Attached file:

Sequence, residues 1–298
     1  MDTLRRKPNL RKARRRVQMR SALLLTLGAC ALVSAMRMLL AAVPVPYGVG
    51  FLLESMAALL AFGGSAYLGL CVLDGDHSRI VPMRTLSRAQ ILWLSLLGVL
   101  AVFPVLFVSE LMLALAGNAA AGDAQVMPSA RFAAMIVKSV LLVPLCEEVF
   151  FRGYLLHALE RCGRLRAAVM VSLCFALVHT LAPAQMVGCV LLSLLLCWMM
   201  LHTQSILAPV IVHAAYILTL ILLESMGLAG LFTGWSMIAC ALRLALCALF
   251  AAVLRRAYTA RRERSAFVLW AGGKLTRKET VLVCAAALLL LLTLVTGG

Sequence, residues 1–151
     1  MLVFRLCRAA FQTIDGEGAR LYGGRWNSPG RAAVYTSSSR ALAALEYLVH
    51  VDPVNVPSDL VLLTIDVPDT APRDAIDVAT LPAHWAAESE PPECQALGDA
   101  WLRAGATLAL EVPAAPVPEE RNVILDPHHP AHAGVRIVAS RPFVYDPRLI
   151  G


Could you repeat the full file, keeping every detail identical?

Sequence, residues 1–298
     1  MDTLRRKPNL RKARRRVQMR SALLLTLGAC ALVSAMRMLL AAVPVPYGVG
    51  FLLESMAALL AFGGSAYLGL CVLDGDHSRI VPMRTLSRAQ ILWLSLLGVL
   101  AVFPVLFVSE LMLALAGNAA AGDAQVMPSA RFAAMIVKSV LLVPLCEEVF
   151  FRGYLLHALE RCGRLRAAVM VSLCFALVHT LAPAQMVGCV LLSLLLCWMM
   201  LHTQSILAPV IVHAAYILTL ILLESMGLAG LFTGWSMIAC ALRLALCALF
   251  AAVLRRAYTA RRERSAFVLW AGGKLTRKET VLVCAAALLL LLTLVTGG

Sequence, residues 1–151
     1  MLVFRLCRAA FQTIDGEGAR LYGGRWNSPG RAAVYTSSSR ALAALEYLVH
    51  VDPVNVPSDL VLLTIDVPDT APRDAIDVAT LPAHWAAESE PPECQALGDA
   101  WLRAGATLAL EVPAAPVPEE RNVILDPHHP AHAGVRIVAS RPFVYDPRLI
   151  G